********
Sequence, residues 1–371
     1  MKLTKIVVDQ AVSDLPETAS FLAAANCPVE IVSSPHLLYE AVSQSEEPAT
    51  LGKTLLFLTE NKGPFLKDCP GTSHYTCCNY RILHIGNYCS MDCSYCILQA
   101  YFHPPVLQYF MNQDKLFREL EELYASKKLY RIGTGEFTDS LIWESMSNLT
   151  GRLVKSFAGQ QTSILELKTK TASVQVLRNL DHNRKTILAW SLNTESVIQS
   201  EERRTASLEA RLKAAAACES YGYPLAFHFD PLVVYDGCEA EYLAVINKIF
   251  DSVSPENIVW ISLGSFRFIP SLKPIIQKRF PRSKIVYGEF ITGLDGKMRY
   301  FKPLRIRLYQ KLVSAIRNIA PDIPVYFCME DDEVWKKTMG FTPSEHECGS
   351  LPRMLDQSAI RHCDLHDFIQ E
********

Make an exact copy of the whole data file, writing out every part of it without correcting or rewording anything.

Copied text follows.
Sequence, residues 1–371
     1  MKLTKIVVDQ AVSDLPETAS FLAAANCPVE IVSSPHLLYE AVSQSEEPAT
    51  LGKTLLFLTE NKGPFLKDCP GTSHYTCCNY RILHIGNYCS MDCSYCILQA
   101  YFHPPVLQYF MNQDKLFREL EELYASKKLY RIGTGEFTDS LIWESMSNLT
   151  GRLVKSFAGQ QTSILELKTK TASVQVLRNL DHNRKTILAW SLNTESVIQS
   201  EERRTASLEA RLKAAAACES YGYPLAFHFD PLVVYDGCEA EYLAVINKIF
   251  DSVSPENIVW ISLGSFRFIP SLKPIIQKRF PRSKIVYGEF ITGLDGKMRY
   301  FKPLRIRLYQ KLVSAIRNIA PDIPVYFCME DDEVWKKTMG FTPSEHECGS
   351  LPRMLDQSAI RHCDLHDFIQ E